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dhcp server

Posted on 2007-03-29
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Last Modified: 2010-03-05
On my domain server under DHCP the server has a yellow warning sign on the server itself what does this mean?
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Question by:scripttron75
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9 Comments
 
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by:Rob Williams
ID: 18820842
Usually this means that 90% or more of your DHCP lease are in use. You need to increase the size of the DHCP scope.
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by:Burns2007
ID: 18820877
Agreed with Rob. If you right click on teh scope and select display statistics it will tell you how many free addresses you have left.
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by:scripttron75
ID: 18824934
it looks like i have 0 free, how do i expand to another scope we have too scopes on 2 different domain controllers the first one is 10.1.1.1 to 10.1.1.135 and the second is 10.1.1.136 to 10.1.1.250, the rest are used for network components.  
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Rob Williams earned 63 total points
ID: 18828912
It could be a big project. You will need some time, and plan it out carefully. I assume you currently are using a subnet mask of 255.255.255.0 ??
If that is the case, your subnet includes usable IP's of 10.1.1.1 - 10.1.1.254 which is completely used up. Changing the subnet mask to 255.255.254.0 would double the size of your subnet; 10.1.0.1 - 10.1.1.254
However, it's not as simple as that. Assuming both scopes are almost used up and you want to split the IP's evenly, you will likely want to do something like;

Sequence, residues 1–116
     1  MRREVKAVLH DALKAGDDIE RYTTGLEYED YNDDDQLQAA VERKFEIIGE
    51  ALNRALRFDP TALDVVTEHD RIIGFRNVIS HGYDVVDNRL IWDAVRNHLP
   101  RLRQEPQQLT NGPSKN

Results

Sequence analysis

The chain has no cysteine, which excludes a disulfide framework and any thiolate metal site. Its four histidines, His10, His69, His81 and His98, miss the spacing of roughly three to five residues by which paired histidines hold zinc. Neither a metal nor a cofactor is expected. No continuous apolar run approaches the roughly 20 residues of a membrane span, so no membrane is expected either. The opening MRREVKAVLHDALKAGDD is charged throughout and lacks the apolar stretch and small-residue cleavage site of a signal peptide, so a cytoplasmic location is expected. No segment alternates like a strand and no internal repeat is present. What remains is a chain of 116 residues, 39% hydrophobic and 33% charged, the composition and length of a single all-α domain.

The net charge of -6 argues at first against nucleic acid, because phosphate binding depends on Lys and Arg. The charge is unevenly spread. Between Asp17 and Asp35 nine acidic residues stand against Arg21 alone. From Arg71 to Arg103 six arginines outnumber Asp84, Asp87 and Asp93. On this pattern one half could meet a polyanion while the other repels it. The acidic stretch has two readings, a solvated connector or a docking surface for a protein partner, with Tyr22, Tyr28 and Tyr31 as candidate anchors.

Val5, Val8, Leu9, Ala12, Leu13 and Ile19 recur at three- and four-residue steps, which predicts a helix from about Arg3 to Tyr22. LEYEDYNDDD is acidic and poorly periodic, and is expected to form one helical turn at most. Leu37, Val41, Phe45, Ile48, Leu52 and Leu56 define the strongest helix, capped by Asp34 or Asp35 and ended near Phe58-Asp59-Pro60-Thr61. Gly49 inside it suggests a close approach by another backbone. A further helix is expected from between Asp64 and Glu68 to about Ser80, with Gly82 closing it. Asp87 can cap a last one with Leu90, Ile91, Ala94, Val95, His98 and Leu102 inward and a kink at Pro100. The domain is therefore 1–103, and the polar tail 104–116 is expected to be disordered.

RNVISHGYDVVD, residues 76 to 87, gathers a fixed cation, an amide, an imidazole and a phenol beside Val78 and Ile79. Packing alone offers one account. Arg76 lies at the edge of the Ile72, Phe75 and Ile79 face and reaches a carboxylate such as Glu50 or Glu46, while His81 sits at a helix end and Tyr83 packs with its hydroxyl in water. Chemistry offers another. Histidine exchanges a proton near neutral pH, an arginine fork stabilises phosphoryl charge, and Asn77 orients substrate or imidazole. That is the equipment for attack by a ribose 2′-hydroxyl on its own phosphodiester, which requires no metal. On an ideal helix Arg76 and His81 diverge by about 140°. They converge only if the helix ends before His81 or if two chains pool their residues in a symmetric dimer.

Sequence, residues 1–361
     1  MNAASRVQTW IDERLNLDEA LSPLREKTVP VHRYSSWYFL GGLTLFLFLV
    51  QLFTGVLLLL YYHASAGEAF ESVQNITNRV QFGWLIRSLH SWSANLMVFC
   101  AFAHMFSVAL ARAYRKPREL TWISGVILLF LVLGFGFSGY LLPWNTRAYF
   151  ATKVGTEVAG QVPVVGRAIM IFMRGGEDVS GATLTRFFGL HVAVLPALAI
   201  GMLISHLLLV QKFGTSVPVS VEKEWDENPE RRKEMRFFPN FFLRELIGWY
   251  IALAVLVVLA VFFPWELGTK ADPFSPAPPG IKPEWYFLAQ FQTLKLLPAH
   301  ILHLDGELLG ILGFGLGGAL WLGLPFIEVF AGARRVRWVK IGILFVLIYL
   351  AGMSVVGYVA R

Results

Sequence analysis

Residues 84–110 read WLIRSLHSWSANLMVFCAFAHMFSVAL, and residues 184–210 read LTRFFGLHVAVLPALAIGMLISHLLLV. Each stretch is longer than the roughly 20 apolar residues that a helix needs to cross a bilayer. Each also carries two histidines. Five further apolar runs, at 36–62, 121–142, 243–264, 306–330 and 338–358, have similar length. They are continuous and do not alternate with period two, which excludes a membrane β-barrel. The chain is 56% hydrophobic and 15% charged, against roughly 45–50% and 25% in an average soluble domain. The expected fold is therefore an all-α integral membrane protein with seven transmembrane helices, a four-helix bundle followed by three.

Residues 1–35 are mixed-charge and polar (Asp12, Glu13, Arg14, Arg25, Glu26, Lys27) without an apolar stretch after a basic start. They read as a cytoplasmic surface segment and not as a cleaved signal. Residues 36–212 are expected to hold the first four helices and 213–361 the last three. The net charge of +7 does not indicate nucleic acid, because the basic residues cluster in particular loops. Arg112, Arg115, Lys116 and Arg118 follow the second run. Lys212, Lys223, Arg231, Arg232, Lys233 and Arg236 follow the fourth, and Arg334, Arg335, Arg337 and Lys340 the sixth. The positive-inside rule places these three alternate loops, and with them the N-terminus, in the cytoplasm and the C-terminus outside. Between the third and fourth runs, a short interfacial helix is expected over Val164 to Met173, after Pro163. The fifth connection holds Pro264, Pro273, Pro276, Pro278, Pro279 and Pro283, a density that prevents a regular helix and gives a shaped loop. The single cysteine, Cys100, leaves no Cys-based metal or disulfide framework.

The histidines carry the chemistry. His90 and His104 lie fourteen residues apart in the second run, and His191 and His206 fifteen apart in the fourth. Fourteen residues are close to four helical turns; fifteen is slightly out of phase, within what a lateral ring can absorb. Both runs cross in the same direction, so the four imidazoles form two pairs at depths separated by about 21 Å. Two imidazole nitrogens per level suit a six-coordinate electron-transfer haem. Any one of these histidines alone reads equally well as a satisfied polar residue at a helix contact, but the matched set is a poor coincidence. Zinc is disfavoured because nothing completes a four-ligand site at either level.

DC1 10.1.0.1 -10.1.0.250 and DC2 10.1.1.1 - 10.1.1.250
In order to do so all DHCP leases will have to be renewed and their is the concern DC2 could hand out an IP in the 10.1.1.1 to 10.1.1.135  range, to a device with an existing IP. Also all client machines will require the updated subnet masks. You could change your DHCP lease time to 8 hours, wait till all existing leases have expired, and on the next Friday night make the changes, so they will propagate over the weekend and Monday morning as users boot up downed machines.
Don't forget to make changes to all devices such as servers, routers, and printers with static addresses.
To further reduce the chance of conflict you could make a bigger scope and not reuse the current DHCP scopes. Perhaps save 10.1.1.x for static IP's. To do that, you could choose a subnet mask of 255.255.255.253.0 (this will x4 the size of current subnet i.e. 10.1.0.1 - 10.1.3.254), and configure something like:
DC1 10.1.0.1 -10.1.0.250 and DC2 10.1.2.1 - 10.1.2.250




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Assisted Solution

by:drmarston
drmarston earned 62 total points
ID: 18838418
Totally agree with RobWill that this needs to be thought out.
Since it looks like you might be doing an overhaul of your addressing space, NOW is the time to look at a number of other things when thinking this through;
1) Growth potential ; how many workstations / network devices will be added in the near future??
2) branch offices / Wan connections / cross domain trusts?
3) V-lans and broadcast domains??
4) Physical segmentation?

I'm not trying to complicate the issue, Robs comment is right on target, I'm just saying that this is the perfect opportunity to take 2 steps back and look at the BIG picture of your network and plan accordingly.

:)



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Expert Comment

by:drmarston
ID: 19233604
RobWill should get the points, He awnsered the question, I just added a suggestion.
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by:Rob Williams
ID: 19233622
Glad to share the points drmarston, if awarded, however thank you for the offer.
Cheers !
--Rob
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